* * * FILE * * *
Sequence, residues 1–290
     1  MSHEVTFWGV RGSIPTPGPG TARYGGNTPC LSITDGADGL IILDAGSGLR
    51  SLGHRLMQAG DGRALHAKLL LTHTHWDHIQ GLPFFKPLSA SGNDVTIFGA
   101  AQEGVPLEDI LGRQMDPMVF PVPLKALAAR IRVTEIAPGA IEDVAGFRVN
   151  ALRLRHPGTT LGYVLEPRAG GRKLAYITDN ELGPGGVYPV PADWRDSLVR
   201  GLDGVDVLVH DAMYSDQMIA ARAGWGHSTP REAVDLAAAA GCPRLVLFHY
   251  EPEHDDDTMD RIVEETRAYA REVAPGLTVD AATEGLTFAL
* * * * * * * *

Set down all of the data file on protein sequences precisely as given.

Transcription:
Sequence, residues 1–290
     1  MSHEVTFWGV RGSIPTPGPG TARYGGNTPC LSITDGADGL IILDAGSGLR
    51  SLGHRLMQAG DGRALHAKLL LTHTHWDHIQ GLPFFKPLSA SGNDVTIFGA
   101  AQEGVPLEDI LGRQMDPMVF PVPLKALAAR IRVTEIAPGA IEDVAGFRVN
   151  ALRLRHPGTT LGYVLEPRAG GRKLAYITDN ELGPGGVYPV PADWRDSLVR
   201  GLDGVDVLVH DAMYSDQMIA ARAGWGHSTP REAVDLAAAA GCPRLVLFHY
   251  EPEHDDDTMD RIVEETRAYA REVAPGLTVD AATEGLTFAL